Take time to examine the economic evolution in emerging markets

Developments in countries such as Russia, India, and Brazil are under-appreciated, argues Andrew Ness.

Maintaining perspective matters, particularly when we consider emerging markets. Despite ongoing US-China trade discussions, intra-emerging markets trade has blossomed in recent years with China replacing the US as the largest export destination for other emerging markets as a whole.

However, there has also been positive developments in other emerging markets that have flown under the radar.

Three decades ago, emerging market economies typically relied on commodity exports. Those exports drove economic development and manufacturing, and also contributed to the creation of global supply chains.

Since then, emerging markets have evolved through structural reforms and improved regulation, so we’ve seen improved resilience. In addition, heightened domestic demand has helped many countries grow irrespective of external forces.

However, we believe that there are still some emerging market developments that remain under-appreciated.

Misconceptions remain

Some common assumptions about emerging markets are not accurate. One misconception is that production processes of goods from these economies can often be unethical and poorly regulated. This can lead to concerns about the quality of goods, as well as reliability of services.

There may be an element of truth in this concern for some markets, but it’s not true of all emerging markets. We’d argue that it’s important to recognise the regulatory changes that have been happening in certain emerging markets to improve the market environment.

As investors, we recognise these and other macro developments, but also consider individual stocks from a bottom-up perspective.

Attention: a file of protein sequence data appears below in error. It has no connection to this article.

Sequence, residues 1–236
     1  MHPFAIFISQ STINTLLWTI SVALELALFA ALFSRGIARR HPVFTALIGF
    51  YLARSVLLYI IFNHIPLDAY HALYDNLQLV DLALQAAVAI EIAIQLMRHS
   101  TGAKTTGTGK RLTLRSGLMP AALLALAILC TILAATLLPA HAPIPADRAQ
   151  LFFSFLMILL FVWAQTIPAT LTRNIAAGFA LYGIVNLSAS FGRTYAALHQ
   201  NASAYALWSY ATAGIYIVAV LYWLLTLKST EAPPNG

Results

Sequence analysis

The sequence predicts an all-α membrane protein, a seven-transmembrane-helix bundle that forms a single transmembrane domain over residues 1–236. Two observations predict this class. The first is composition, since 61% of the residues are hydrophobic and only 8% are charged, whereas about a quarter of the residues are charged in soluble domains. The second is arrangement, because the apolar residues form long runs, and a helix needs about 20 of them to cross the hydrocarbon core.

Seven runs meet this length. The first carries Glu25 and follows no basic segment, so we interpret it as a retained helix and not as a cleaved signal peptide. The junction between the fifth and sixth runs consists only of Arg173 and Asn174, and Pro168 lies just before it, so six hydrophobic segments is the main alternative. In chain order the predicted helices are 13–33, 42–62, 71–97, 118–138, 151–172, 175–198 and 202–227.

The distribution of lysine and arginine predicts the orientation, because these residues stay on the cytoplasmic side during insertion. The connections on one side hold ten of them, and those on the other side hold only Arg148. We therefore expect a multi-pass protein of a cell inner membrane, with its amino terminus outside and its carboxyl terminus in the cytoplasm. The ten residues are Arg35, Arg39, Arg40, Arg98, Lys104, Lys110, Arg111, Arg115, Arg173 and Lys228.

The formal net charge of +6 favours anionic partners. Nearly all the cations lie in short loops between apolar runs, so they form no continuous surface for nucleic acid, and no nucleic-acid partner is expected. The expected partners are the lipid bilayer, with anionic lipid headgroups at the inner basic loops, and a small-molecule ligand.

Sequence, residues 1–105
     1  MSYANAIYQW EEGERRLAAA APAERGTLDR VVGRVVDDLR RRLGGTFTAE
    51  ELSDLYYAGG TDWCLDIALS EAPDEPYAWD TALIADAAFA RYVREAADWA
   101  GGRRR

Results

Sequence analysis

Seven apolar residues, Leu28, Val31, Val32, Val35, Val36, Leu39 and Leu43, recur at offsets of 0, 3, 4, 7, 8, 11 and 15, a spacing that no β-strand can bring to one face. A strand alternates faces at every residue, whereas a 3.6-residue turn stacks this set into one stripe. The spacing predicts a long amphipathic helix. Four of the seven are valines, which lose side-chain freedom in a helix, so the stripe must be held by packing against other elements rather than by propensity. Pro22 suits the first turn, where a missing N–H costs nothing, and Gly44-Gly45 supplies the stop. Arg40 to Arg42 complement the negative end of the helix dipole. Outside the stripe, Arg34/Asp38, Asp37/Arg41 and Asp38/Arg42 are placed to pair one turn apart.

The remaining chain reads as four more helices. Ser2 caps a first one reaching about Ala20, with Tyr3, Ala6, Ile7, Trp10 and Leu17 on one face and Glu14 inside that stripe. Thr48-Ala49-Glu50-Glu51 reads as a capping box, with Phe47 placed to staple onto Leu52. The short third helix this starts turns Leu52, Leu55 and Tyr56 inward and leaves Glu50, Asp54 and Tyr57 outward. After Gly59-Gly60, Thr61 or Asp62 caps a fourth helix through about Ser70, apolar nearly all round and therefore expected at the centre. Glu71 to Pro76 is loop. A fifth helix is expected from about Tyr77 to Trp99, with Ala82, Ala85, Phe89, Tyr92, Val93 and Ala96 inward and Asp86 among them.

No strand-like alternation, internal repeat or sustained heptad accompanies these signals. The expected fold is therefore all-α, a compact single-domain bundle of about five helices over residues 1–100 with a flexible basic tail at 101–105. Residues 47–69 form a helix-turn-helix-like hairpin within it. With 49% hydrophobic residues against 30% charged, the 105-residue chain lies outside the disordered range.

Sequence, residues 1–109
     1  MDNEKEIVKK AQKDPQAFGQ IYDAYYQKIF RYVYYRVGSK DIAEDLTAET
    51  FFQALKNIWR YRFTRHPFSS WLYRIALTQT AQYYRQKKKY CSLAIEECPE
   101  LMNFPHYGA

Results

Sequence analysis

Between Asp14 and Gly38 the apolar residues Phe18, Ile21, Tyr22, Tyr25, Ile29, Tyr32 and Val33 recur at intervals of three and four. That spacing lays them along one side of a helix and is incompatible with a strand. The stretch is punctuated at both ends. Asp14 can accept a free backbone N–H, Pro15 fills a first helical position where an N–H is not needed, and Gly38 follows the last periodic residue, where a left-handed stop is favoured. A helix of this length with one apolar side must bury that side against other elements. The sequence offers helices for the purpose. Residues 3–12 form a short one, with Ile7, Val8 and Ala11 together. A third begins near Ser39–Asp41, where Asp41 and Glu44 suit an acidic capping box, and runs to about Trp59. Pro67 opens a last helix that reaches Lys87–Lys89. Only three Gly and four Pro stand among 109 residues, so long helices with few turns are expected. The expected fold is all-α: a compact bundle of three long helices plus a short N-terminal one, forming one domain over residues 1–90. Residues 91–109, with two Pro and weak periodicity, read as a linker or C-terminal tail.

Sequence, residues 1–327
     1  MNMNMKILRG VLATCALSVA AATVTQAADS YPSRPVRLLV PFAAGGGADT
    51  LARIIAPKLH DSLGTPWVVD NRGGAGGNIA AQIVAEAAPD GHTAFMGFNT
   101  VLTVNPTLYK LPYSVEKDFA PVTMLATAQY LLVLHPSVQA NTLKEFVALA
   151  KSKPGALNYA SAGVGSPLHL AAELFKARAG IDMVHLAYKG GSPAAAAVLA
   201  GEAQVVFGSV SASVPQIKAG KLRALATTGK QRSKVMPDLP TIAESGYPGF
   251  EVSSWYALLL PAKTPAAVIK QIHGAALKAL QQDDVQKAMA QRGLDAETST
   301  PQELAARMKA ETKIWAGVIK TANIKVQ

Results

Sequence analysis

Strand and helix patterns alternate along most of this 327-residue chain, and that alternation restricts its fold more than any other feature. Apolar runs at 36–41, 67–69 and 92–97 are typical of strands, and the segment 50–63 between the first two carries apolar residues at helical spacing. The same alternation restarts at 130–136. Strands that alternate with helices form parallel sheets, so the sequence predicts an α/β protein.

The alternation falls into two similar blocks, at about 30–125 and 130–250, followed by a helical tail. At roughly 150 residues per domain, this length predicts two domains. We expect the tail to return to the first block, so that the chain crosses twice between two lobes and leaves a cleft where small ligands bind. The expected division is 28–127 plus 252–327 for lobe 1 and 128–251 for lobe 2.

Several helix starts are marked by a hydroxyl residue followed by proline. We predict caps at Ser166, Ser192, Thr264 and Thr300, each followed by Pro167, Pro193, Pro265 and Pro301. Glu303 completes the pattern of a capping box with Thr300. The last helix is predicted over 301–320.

When we’re examining investment opportunities in emerging markets, corporate governance is an important consideration. We take aspects such as quality management, ownership structure and history of business conduct into account. We also proactively engage with company management and other stakeholders to monitor corporate governance practices and promote positive change when needed.

Progressive Russian firms focus on shareholder returns

Some significant regulatory changes in Russia has led us to reconsider equity investment opportunities there. The Russian government has implemented some politically challenging measures, such as tax increases and pension reforms, with plans to raise productivity growth through higher spending on infrastructure, health and education.

 Several progressive dividend policies and strong buyback programs have emerged from Russia recently, but headlines have largely focused on geopolitical tension between the US and Russian governments. Over the years, we have worked with businesses in regard to governance factors. As such, some of these companies have increased their focus on shareholder returns.

Innovation in India